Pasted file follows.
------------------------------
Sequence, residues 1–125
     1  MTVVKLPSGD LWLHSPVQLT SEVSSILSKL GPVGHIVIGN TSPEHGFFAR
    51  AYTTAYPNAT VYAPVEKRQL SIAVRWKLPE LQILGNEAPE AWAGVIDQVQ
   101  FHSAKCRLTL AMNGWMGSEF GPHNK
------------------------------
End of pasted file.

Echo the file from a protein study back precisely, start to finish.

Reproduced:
Sequence, residues 1–125
     1  MTVVKLPSGD LWLHSPVQLT SEVSSILSKL GPVGHIVIGN TSPEHGFFAR
    51  AYTTAYPNAT VYAPVEKRQL SIAVRWKLPE LQILGNEAPE AWAGVIDQVQ
   101  FHSAKCRLTL AMNGWMGSEF GPHNK